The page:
It is possible that server resources such as disks, IP address and resource groups might not be deleted in Azure even though the VM has been deleted in WPCD.  This is because Azure will not automatically delete those items when a server is deleted.  And it takes Azure a long time to delete a server which exceeds the PHP script execution time.  Therefore, whenever you delete a server in WPCD you should double-check that it has been deleted in Azure.

We’ve attempted to mitigate this issue a bit by scheduling a CRON process to clean up undeleted items shortly after deleting a server.  But there’s no guarantee that we will get everything – so always double-check your Azure console to make sure that all items are deleted – you do not want to be surprised with a bill for items you thought you deleted!

Server Names

Azure requires your server names to be unique.  So, we will be adding a random 5 character string to the end of every server name you specify to avoid inadvertent duplicates.  This means that if you try to create a server with the name “MYNEWSERVER” we will convert it into something like “MYNEWSERVER-axytz”.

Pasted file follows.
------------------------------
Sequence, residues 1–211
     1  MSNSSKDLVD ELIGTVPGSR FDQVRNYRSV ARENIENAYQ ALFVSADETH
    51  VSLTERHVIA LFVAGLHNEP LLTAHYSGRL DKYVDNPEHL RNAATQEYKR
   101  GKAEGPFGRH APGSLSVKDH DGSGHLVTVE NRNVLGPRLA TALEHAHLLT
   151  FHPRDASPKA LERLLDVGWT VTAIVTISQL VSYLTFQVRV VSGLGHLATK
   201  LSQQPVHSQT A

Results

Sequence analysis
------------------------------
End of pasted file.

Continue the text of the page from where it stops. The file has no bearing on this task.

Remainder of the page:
Default Disk Size

All servers, regardless of number of CPUs, will be provisioned with 50 GB of disk space.

Azure has a weird issue with disk sizes – it sometimes reports the disk as being full until you restart the server.

ARM Processor Support

This provider includes experimental support for ARM instances.  While ARM VMs are supposed to be lower cost, the way Azure has configured their VMs seem to negate that cost advantage.  Still, for certain workload profiles, there might be some cost savings here.

We have tested basic NGINX & OPENLITESPEED functionality such as deploying the server, sites and SSL.  But have not certified 3rd party software such as MONIT and MALDET.  Thus, this is not something you should run in production if you require 3rd party software support; but they might make good development or staging servers if you like playing on the bleeding edge of things.

They’re also great instances to use if all you are doing is creating sites that use just the basic WP functions without any of the advanced WPCD features. i.e.:

  • Install Site
  • Enable/Disable SSL
  • Enable/Disable CACHE
  • Backup/Restore
  • Site Tweaks
  • etc.

Almost anything that only uses PHP should work but anything that requires a binary (most 3rd party software) have not been certified.